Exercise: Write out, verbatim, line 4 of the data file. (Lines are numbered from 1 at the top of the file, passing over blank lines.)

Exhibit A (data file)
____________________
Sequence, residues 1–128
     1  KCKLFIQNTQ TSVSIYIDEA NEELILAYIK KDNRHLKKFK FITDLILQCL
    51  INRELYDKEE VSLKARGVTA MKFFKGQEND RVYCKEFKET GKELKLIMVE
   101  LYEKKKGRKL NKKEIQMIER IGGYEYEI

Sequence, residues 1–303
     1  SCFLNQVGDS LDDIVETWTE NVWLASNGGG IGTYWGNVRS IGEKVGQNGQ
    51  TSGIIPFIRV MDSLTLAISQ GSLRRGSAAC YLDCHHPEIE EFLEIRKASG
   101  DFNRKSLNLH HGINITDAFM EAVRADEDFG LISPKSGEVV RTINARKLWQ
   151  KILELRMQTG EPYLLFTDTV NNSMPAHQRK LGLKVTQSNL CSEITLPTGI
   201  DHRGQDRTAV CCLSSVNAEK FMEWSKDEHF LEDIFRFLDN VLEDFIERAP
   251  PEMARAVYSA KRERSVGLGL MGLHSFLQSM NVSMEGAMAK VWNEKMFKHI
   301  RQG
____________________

   101  LYEKKKGRKL NKKEIQMIER IGGYEYEI